Pier W is a contemporary seafood restaurant and bar featuring a 100 percent sustainable menu. They serve seafood that is “called from responsible sources” and their “fresh” philosophy requires that they maintain a relationship “directly with the fisherman.” Executive Chef Regan Reik has made a personal commitment to “going to the source” for the freshest ingredients which as led him to Alaska for wild salmon and to a scallop boat in Boston. They serve many sustainable options on their menu including diver scallops, blue crab, Manila clams, blue cod, golden trout and more. You can follow Pier W on Twitter at @pierwcleveland or find them on Facebook at Pier W.


NEW YORK CITY

Butter
Butter Restaurant features local and seasonal ingredients. They feature sustainable options such as diver scallops and striped bass (although we did see red snapper, which isn’t a sustainable option). Check out their menu.  You can follow the restaurant on Twitter at @ButterNYC and you can follow the restaurant’s executive chef, the fabulous Iron Chef Alex Guarnaschelli at @guarnaschelli.  Alex recently won her first victory as a newly crowned Iron Chef.  See the summary here.

 

MIAMI

Area 31
Area 31 is named after a fishing area found in “the ecologically sound marine waters of the Western Central Atlantic” which is where all of its seafood comes from. All of the fish served at Area 31 is sustainably farmed or line-caught. As a bonus, they follow Monterey Bay Aquarium’s Seafood Watch guidelines, meaning you won’t find a single “avoid” fish on their menu, ever. Check out their menu. You can find them on Facebook at Area 31.

 

SAN DIEGO

Catalina Offshore Products
Catalina OP is one of the largest seafood import/export companies in California. It is also a fish market, and an education and nutrition center. When you walk in, there are plenty of employees ready and willing to help and talk about the pros of local, sustainable seafood. Led by long-time fishmonger Tommy Gomes, the market is also a place to learn new recipes, try new food, and get to know local fishermen. Stop by or check out their website to order online!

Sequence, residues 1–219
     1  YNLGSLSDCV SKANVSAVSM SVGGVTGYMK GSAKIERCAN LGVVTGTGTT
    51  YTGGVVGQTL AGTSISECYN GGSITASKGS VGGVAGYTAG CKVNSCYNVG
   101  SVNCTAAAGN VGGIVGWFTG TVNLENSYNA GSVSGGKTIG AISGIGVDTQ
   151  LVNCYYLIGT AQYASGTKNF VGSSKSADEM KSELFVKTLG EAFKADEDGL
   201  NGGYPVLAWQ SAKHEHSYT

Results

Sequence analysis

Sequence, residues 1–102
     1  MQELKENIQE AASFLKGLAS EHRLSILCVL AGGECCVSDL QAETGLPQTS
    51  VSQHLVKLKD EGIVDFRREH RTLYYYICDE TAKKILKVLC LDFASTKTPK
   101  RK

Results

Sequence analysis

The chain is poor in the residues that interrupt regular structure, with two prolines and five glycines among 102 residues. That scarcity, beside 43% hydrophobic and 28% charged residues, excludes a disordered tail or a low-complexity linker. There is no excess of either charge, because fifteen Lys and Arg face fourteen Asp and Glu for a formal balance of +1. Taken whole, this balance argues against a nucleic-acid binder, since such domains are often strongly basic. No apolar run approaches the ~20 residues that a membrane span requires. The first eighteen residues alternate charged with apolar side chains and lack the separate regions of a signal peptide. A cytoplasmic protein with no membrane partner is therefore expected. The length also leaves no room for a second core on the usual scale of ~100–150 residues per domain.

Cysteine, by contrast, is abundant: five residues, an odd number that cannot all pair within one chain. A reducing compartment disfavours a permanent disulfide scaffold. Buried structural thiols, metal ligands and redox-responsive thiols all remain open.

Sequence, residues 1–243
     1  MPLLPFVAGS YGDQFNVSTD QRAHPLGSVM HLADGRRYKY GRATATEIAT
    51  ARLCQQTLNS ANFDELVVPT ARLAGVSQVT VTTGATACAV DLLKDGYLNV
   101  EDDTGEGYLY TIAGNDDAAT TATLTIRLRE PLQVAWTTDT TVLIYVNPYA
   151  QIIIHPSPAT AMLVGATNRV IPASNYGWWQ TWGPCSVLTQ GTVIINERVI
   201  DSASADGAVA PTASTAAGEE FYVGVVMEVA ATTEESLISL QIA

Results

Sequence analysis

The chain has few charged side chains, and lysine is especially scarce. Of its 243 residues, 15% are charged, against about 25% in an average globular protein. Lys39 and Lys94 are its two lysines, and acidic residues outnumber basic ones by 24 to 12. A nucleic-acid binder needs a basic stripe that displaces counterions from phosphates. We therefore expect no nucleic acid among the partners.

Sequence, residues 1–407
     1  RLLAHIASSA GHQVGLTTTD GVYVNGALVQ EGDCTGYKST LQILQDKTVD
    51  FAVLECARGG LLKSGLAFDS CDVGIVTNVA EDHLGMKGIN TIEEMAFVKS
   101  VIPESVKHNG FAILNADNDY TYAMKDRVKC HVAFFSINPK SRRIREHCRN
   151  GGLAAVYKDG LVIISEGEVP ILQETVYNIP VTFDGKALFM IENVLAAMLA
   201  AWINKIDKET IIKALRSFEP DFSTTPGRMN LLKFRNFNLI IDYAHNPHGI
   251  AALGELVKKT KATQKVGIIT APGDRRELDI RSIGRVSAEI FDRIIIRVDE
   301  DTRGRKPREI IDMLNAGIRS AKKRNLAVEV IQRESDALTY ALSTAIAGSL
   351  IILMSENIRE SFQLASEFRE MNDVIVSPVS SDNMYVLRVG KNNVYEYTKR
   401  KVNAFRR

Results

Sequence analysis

Harney Sushi
Harney Sushi has two locations in the San Diego area: Oceanside and Old Town. They both “make every dish from purely natural, raw, local, sustainable products.” Dishes range from traditional sashimi to wild, creative (and delicious) rolls. Their website references Monterey Bay Aquarium’s Seafood Watch, but there’s also more than a full page at the start of the menu with descriptions of where each item came from. Check out their sources here.

Mitch’s Seafood
Mitch’s Seafood was established in 2008 by three fishing families in the San Diego Area. Located on San Diego’s working waterfront, Mitch’s Seafood provides consumers with fresh, local, sustainable seafood. They feature simply, California-style seafood and craft beer. Check out the menu here.

 

SEATTLE

Mashiko
Mashiko is Seattle’s first 100% sustainable sushi bar. It has been serving only sustainable seafood since 2009. It might not be certified by any eco-labels or seafood guidelines, but chef Hajime Sato has his reasons. To ensure that all of his seafood is sourced sustainably, he does all of the ordering for the restaurant and has developed a personal relationship with each of his suppliers. The menu changes daily, so take a look!

Herring, smelt, and jack mackerel. Photo credit: Emily Tripp.

Herring, smelt, and jack mackerel. Photo credit: Emily Tripp.